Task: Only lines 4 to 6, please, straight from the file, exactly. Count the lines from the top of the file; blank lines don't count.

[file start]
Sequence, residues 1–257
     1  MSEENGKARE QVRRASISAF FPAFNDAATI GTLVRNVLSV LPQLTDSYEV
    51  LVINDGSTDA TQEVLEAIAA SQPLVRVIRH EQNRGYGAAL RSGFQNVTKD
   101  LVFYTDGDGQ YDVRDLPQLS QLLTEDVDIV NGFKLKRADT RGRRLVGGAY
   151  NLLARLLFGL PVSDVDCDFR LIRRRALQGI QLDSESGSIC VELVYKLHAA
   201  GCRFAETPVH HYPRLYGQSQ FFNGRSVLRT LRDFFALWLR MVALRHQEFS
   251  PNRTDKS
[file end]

   101  LVFYTDGDGQ YDVRDLPQLS QLLTEDVDIV NGFKLKRADT RGRRLVGGAY
   151  NLLARLLFGL PVSDVDCDFR LIRRRALQGI QLDSESGSIC VELVYKLHAA
   201  GCRFAETPVH HYPRLYGQSQ FFNGRSVLRT LRDFFALWLR MVALRHQEFS